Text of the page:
Students, pastors, and teachers are reluctant to use the second person. As a result, the first person use of we dominates. There is also frequent use of the third person he and they. But this is not the biblical pattern. “It is not arrogant for God’s appointed servant to proclaim God’s word directly, even pointedly, to those to whom he addresses it” (Jay Adams, Truth Applied, 25).
Listen to Moses as he reiterates the covenant in Moab. Moses pointedly lays out the negative, “Yet to this day the Lord has not given you a heart to know, nor eyes to see, nor ears to hear” (Deuteronomy 29:4, italics added). He similarly sets forth the promise of God, “Moreover the Lord your God will circumcise your heart and the heart of your descendants, to love the Lord your God with all your heart and with all your soul, so that you may live” (Deuteronomy 30:6, italics added). Listen to Joshua challenge Israel. “If it is disagreeable in your sight to serve the Lord, choose for yourselves today whom you will serve” (Joshua 24:15, italics added).
Consider the early preaching of Peter. The emphasis is mine. “This Man, delivered over by the predetermined plan and foreknowledge of God, you nailed to a cross” (Acts 2:23, italics added). “Therefore let all the house of Israel know for certain that God has made Him both Lord and Christ—this Jesus whom you crucified” (Acts 2:36, italics added). “[You (implied)] Repent, and each of you be baptized in the name of Jesus Christ for the forgiveness of your sins; and you will receive the gift of the Holy Spirit” (Acts 2:38, italics added). “The God of Abraham, Isaac and Jacob, the God of our fathers, has glorified His servant Jesus, the one whom you delivered and [you] disowned in the presence of Pilate … But you disowned the Holy and Righteous One” (Acts 3:13–14, italics added). “Let it be known to all of you and to all the people of Israel, that by the name of Jesus Christ the Nazarene, whom you crucified … ” (Acts 4:10, italics added).
Then there is Stephen. “You men who are stiff-necked and uncircumcised in heart and ears are always resisting the Holy Spirit; you are doing just as your fathers did” (Acts 7:51–53, italics added). And there is Paul. “You who are full of all deceit and fraud, you son of the devil, you enemy of all righteousness, will you not cease to make crooked the straight ways of the Lord?” (Acts 13:10, italics aded). We could multiply these by many biblical illustrations. For example, in the New American Standard Bible, you or your appear one hundred and ninety-eight times in the one hundred and nine verses of the Sermon on the Mount.
But there is a biblical argument for the use of we coming from Hebrews. This epistle is very likely a typical sermon delivered in the synagogue of the day. It is a “word of exhortation” (Hebrews 13:22) like the “word of exhortation” Paul delivers in the Synagogue in Pisidian Antioch (Acts 13:15).
The preacher to the Hebrews was not one of those preachers who points his finger at his people and refers to them exclusively as “you.” Instead, he identified with his congregation by employing the pronoun “we.” The author uses “we” fifty-three times in this epistle. He includes himself in both the applications and encouragements of his sermon … The preacher treated his congregation as “we” not “you” (Anthony T. Selvaggio, “Preaching Advice from the ‘Sermon’ to the Hebrews,” Themilios Journal 32–2 (2009): 33.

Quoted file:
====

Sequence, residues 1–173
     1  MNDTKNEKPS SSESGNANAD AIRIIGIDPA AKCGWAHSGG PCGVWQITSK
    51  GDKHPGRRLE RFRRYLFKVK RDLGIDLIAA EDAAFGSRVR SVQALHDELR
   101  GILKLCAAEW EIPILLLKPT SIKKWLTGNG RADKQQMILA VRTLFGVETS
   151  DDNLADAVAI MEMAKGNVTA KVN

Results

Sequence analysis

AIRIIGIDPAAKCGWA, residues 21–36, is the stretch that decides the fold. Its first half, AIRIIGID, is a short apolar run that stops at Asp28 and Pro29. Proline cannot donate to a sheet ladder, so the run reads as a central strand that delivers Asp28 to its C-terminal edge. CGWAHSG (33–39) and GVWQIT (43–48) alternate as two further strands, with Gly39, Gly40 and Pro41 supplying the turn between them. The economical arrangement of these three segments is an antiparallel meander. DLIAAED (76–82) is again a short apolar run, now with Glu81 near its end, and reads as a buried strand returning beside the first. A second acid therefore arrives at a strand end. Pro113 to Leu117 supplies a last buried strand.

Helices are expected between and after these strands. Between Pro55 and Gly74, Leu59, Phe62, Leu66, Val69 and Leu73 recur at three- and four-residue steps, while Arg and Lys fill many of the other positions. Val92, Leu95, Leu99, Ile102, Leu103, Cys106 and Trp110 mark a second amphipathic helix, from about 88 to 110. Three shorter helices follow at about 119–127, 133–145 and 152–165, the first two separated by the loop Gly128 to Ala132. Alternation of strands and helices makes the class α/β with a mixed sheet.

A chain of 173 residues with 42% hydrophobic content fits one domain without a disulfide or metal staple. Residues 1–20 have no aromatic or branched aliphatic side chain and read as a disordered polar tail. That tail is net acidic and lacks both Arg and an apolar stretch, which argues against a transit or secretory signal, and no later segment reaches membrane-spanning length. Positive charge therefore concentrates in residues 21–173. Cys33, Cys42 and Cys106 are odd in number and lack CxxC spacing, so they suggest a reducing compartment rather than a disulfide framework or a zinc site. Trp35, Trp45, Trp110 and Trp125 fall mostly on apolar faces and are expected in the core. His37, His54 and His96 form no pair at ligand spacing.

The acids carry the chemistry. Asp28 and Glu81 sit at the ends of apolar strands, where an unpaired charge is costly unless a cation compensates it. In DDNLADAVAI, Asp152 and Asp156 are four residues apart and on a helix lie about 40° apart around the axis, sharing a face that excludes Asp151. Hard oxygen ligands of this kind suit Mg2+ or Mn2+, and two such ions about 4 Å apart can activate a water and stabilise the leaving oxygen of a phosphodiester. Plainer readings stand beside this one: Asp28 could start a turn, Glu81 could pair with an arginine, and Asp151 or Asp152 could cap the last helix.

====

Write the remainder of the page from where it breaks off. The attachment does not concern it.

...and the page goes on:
However, Hebrews uses both we and you. The second-person plural pronoun you appears forty-eight times. This count comes from the NASB Update. If you reduce the count where the version uses you in translating participles and increase the count where you is implied in Greek imperatives, total usage is fifty. The possessive your appears twenty-seven times. The total is seventy-five times. Hebrews also uses let us twelve times and us alone twenty times. Including the fifty-three uses of we, the total for the first-person plural is then eighty-five. The use of we and you are comparable.
Here are four examples of the use of the second-person plural in exhortations. The emphasis is again mine. “[You] Take care, brethren, that there not be in any one of you an evil, unbelieving heart that falls away from the living God” (Hebrews 3:12). “But [you] encourage one another day after day, as long as it is still called ‘Today,’ so that none of you will be hardened by the deceitfulness of sin” (Hebrews 3:13). “But [you] remember the former days, when, after being enlightened, you endured a great conflict of sufferings” (Hebrews 10:32). “[You] Remember those who led you, who spoke the word of God to you” (Hebrews 13:7).
And so, to follow the example of Scripture, you should use you in your preaching and teaching. Use we, but not exclusively. Use you a large percentage of the time. J. C. Ryle maintains this point.
[I]f you wish to preach simply, use a direct style. What do I mean by this? I mean the practice and custom of saying “I” and “you.” When a man takes up this style of preaching, he is often told that he is conceited and egotistical. The result is that many preachers are never direct—and always think it very humble and modest and becoming to say “we.” But I remember good Bishop Villiers saying that “we” was a word kings and corporations should use, and they alone—but that parish clergymen should always talk of “I” and “you.” I endorse that saying with all my heart” [John Charles Ryle, Simplicity in Preaching (London: William Hunt, 1882), 29–30].
Therefore, “I urge you, brethren, bear with this word of exhortation, for I have written to you briefly” (Hebrews 13:22, italics added).
Revised from So Pastor, What’s Your Point?